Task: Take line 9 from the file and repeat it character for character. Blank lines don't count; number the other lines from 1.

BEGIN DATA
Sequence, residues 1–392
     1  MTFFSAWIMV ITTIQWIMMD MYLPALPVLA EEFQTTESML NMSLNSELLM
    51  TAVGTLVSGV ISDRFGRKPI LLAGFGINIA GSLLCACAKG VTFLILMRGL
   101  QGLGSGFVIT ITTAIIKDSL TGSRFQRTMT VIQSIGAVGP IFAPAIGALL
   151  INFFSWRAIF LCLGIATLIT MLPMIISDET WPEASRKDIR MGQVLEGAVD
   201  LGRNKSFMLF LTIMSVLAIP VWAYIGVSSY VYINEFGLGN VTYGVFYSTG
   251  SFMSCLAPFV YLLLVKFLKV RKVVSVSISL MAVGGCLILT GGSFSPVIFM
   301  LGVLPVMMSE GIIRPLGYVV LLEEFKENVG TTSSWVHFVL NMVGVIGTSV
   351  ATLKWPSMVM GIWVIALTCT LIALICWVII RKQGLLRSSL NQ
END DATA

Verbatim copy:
   351  ATLKWPSMVM GIWVIALTCT LIALICWVII RKQGLLRSSL NQ